We then devolve into his ruminations and stereotypes about tailors; they are asses and shady crooks, to say the least – which may be a careful biographer’s cue to suggest Gogol has issues with tailors or Gogol’s writerly touch (knowing that no tailor would agree to construct a royal cloak for poor, lowly Axenty). If he has the money, maybe, but here’s to guessing Axenty doesn’t have that kind of dough (rubles).
Even so, Axenty is unwilling to be denied this essential fashion:
“I have decided to have a mantle made out of my new uniform…”
“I decided to make it myself…”
“I had to cut it all up with a pair of scissors, because the style’s completely different.”
I don’t remember any date. There wasn’t any month either. Damned if I know what it was.
These are the types of things that encourage us: the simple connection of humanity in our cyber age with disgruntled 19th Century civil servants. Wilks translated the text from St. Petersburg Russian, but how much could he change a phrase like, “Damned if I know what it was.”? Run-of-the-mill goofs and far out Mars Curiosity scientists say or will die saying the same thing. We advance, we progress, we lose all that and damned if we know.
Though when Marva screams about his new cloak, things get weird for me as a reader. I remember the struggles of an old friend in San Francisco, a garage pop punk rock band mate named Max. He could play the guitar like a ring in the bell, a truly great guitarist, but there were also real struggles back then: a 5150 already; his manner of speaking which confused most everyone – based on regular hip language and a personal mythology inspired by big books, mathematics, copious weed and relentless music, bethat G.G. Allen, Charlie Parker, Phillip K. Dick or de Sade and the Beats.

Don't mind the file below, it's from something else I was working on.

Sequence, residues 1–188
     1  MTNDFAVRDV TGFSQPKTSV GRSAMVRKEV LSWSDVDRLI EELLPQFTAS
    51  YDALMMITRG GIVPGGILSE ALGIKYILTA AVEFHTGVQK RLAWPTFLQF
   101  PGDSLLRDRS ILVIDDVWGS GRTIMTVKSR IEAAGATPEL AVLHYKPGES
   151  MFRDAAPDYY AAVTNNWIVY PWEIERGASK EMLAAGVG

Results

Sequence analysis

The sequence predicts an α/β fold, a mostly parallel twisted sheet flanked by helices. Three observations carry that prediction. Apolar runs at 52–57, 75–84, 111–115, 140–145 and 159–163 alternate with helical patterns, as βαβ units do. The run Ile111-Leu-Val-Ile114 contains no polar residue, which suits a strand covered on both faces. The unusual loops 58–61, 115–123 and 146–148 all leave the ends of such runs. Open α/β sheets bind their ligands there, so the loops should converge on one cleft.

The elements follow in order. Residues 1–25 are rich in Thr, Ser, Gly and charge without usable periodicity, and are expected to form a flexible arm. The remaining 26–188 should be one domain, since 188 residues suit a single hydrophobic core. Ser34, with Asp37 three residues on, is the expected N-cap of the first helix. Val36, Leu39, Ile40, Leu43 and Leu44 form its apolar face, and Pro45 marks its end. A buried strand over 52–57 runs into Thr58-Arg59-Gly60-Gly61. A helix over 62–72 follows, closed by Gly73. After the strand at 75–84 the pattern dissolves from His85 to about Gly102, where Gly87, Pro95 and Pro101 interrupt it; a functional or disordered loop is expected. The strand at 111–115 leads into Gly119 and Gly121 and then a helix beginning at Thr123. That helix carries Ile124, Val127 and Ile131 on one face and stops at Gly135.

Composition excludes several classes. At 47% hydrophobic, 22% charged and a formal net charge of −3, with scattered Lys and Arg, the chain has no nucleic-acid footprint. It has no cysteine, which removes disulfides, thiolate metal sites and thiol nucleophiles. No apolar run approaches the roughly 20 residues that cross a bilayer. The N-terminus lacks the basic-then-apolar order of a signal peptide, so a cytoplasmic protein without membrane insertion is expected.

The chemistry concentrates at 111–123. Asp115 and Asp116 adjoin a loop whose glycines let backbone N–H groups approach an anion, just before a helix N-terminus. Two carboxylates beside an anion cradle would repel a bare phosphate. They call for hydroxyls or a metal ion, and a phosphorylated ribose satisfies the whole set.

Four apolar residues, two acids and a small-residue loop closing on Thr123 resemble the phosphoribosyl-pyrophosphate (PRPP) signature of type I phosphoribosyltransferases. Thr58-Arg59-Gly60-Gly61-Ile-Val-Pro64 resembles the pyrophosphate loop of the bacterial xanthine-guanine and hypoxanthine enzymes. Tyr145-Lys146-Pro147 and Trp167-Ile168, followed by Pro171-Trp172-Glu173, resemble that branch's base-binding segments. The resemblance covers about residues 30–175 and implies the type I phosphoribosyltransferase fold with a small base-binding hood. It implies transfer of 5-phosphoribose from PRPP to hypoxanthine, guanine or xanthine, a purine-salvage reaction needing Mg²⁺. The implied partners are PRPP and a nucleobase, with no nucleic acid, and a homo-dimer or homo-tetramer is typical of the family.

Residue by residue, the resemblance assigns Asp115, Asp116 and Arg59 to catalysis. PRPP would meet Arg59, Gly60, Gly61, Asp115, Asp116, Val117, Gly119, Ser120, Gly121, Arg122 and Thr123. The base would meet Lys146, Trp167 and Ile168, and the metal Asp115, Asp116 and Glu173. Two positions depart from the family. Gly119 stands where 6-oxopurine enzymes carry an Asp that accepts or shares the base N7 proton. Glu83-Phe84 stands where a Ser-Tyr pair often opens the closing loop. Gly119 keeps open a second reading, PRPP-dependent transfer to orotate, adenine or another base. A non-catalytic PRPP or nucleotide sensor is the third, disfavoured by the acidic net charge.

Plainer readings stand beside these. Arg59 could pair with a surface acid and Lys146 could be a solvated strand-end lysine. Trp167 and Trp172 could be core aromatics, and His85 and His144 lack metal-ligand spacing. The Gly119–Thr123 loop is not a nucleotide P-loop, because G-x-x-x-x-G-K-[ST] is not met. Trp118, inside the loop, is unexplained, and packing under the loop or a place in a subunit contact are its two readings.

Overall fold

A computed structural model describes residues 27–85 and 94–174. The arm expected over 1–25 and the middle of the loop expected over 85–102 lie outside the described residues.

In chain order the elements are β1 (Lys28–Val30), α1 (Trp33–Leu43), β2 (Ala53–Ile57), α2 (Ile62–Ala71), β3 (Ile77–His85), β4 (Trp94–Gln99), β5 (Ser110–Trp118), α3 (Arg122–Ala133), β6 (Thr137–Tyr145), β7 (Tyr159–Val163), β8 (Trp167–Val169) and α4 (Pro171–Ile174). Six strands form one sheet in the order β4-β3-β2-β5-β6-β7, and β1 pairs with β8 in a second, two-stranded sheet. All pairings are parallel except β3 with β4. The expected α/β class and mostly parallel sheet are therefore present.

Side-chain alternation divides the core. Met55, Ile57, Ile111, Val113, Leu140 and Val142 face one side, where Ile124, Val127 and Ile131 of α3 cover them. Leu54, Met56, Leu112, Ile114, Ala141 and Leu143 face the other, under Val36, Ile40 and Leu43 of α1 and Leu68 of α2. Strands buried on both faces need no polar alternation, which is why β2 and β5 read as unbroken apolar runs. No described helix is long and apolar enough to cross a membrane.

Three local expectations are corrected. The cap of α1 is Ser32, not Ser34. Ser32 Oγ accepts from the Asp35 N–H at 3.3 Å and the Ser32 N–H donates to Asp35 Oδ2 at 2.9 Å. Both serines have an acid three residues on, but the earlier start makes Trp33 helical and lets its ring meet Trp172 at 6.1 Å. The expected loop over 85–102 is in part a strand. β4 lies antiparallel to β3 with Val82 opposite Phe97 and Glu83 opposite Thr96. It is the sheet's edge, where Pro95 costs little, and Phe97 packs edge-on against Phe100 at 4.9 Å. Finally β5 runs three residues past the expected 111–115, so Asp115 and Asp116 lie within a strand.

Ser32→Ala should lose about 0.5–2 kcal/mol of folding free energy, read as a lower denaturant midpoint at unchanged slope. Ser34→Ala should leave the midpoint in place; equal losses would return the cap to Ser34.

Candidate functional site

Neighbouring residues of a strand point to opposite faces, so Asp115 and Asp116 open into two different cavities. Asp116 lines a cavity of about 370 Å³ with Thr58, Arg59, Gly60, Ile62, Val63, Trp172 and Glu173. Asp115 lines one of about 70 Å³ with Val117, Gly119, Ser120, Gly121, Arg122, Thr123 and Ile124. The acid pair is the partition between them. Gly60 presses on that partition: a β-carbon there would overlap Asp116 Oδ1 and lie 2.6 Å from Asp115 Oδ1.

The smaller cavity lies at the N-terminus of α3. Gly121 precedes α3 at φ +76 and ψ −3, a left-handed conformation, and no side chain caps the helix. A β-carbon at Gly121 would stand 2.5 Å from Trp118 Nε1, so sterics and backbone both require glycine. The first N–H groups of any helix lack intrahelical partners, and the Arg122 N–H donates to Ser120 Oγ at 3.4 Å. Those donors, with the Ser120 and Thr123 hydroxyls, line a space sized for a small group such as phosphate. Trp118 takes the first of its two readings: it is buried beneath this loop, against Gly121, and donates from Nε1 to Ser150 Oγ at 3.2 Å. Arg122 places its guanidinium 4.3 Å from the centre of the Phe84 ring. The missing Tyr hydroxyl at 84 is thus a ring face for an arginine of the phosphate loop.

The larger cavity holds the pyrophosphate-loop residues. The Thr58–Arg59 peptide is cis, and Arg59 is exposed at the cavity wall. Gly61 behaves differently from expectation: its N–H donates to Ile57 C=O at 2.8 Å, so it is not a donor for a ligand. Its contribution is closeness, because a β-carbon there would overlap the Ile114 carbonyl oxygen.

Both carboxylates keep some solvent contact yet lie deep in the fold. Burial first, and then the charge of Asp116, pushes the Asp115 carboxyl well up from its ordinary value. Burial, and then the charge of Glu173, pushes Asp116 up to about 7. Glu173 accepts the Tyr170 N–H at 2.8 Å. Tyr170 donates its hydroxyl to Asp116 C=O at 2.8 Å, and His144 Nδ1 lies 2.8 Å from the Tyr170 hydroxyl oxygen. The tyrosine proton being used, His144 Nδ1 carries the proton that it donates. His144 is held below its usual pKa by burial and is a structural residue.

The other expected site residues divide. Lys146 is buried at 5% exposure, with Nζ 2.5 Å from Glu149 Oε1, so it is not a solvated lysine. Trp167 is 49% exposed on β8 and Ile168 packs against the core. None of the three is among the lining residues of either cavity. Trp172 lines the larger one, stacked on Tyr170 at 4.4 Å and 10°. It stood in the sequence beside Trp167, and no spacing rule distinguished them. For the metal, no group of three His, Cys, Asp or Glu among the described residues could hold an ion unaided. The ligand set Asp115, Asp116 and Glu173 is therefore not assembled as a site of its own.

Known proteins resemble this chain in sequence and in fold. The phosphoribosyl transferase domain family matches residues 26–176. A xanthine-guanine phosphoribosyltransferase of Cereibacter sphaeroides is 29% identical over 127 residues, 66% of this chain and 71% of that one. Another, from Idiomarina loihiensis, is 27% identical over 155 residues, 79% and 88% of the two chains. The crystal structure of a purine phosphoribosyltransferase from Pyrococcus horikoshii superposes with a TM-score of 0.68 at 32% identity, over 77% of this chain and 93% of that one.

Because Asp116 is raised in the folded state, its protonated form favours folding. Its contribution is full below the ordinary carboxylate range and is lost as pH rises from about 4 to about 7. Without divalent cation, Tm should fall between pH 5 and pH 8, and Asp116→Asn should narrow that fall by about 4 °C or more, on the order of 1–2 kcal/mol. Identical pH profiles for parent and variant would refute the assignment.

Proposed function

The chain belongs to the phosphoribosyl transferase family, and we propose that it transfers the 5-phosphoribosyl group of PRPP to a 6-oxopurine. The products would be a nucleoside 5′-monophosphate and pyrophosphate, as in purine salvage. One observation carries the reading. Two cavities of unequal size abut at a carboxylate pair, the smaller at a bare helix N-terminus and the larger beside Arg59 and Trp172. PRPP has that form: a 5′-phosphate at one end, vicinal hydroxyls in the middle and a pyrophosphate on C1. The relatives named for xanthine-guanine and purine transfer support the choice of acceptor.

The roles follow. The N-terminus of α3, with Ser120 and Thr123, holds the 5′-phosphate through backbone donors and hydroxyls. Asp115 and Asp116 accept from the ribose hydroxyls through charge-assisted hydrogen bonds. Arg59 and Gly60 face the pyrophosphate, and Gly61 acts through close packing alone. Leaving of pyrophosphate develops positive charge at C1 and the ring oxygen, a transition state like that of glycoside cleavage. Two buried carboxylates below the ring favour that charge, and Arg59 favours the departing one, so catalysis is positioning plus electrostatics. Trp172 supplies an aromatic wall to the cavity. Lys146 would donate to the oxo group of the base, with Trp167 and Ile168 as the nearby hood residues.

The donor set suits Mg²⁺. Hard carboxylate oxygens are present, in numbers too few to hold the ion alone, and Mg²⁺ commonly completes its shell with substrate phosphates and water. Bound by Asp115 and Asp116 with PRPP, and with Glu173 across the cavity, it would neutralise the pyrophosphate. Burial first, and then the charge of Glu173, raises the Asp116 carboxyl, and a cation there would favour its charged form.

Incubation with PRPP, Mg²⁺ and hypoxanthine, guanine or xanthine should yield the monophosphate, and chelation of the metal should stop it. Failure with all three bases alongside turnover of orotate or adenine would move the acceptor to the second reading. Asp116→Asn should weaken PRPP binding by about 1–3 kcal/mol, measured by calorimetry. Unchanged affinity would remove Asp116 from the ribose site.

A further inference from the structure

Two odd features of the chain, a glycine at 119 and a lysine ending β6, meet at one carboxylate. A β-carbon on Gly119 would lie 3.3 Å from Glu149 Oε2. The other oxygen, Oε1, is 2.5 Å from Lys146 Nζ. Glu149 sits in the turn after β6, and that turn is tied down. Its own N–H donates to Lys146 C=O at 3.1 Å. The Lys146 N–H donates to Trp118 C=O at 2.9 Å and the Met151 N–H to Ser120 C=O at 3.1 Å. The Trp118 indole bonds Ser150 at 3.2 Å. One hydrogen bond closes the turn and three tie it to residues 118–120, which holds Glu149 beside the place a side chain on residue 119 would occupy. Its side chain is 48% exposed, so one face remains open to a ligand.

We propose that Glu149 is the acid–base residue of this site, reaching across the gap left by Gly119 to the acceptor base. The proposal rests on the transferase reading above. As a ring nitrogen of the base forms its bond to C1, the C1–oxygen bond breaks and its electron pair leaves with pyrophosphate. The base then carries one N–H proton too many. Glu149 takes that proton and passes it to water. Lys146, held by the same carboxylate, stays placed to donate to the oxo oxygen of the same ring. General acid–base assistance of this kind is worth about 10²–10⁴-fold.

When things got really bad for Max during my time as his closest friend and protector, our rock group disbanded, his apartment mates kicked him out and he was living in the basement of Thwackland – our rehearsal space (an underground, poorly ventilated rock box with a tiny bathroom down the hall; not meant for any home life and such). During those traumatic weeks, Max spoke often about deputation, his deputation as a Federal Marshal to be exact. He would leave phone messages at 4AM relaying the latest details of circling helicopters watching him, CIA/AIDS conspiracy, and always the Federal Marshall deputation.
And when the cops showed up at the rehearsal space, when I was there and Matty Luv was there with a few other friends who loved Max (Scott and Ian), his initial reaction was to tell the police, “I am a Federal Marshal.” The cops, male and female officers, took him down immediately, against his will, and that night is as clear as glass today. And even though my inclination was against participation in those events, and Matty Luv (RIP) probably felt the same, we knew our brother was confronting homelessness because of his mental illness and something needed to be done.
To connect back to our lost narrator, we need only speak of Axenty’s desire, focus and obsession with an official deputation as King of Spain. What did 25 year-old Nikolai Gogol know in the 1830s that mirrors my 26 year-old friend in the 1990s? How in the hell are fictional Axenty and reality Max obsessed with an official conference of authority using the exact same word? Why is deputation important?
Much of this seems obvious. They have lost control of life and the authorities will soon be visiting. As a response and survival instinct, they become the one with authority.
This is personal stuff.
The deputation coincidence is uncanny, a marvelously sad coincidence.
And Buddhists might ask, “Coincidence?”
My notes say this entry is Surrealist before the Surrealists arrived.
As it is, we live in a world where the phrase surreal is so commonplace a Midwestern mom or Alabama teenager will use the term to describe the not-so-surreal while the mass movie shooting in Aurora, Colorado is pretty fucking close to André Breton’s description of: “The simplest Surrealist act consists of dashing down into the street, pistol in hand, and firing blindly, as fast as you can pull the trigger, into the crowd.”